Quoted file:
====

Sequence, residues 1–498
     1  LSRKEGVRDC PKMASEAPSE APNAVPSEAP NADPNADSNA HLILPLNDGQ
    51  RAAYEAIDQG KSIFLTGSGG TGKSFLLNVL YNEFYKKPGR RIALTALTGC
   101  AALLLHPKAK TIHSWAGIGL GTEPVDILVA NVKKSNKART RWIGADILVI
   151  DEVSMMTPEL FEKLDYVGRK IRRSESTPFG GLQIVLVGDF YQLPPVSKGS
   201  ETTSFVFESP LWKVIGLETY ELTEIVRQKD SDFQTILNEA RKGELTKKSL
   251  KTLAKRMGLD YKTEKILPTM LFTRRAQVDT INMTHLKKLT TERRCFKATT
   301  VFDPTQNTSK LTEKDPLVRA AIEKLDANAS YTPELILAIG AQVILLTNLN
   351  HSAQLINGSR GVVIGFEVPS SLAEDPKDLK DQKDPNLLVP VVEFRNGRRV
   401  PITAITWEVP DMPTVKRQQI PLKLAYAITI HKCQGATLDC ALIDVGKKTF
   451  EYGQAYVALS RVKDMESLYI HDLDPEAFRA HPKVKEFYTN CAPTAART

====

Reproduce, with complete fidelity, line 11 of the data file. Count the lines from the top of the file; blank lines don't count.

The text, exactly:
   451  EYGQAYVALS RVKDMESLYI HDLDPEAFRA HPKVKEFYTN CAPTAART